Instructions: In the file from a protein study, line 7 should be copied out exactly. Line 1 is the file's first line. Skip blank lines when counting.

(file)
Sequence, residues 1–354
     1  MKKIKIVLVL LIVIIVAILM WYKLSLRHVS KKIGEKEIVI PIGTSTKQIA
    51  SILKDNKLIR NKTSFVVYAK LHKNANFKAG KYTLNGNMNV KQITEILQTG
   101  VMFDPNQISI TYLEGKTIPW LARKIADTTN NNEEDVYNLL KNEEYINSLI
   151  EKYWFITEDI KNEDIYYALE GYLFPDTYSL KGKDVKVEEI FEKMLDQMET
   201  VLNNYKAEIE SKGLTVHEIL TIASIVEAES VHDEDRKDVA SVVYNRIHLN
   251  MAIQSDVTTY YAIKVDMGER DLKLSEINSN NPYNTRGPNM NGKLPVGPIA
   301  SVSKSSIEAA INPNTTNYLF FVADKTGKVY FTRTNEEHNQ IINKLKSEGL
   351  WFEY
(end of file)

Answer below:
   251  MAIQSDVTTY YAIKVDMGER DLKLSEINSN NPYNTRGPNM NGKLPVGPIA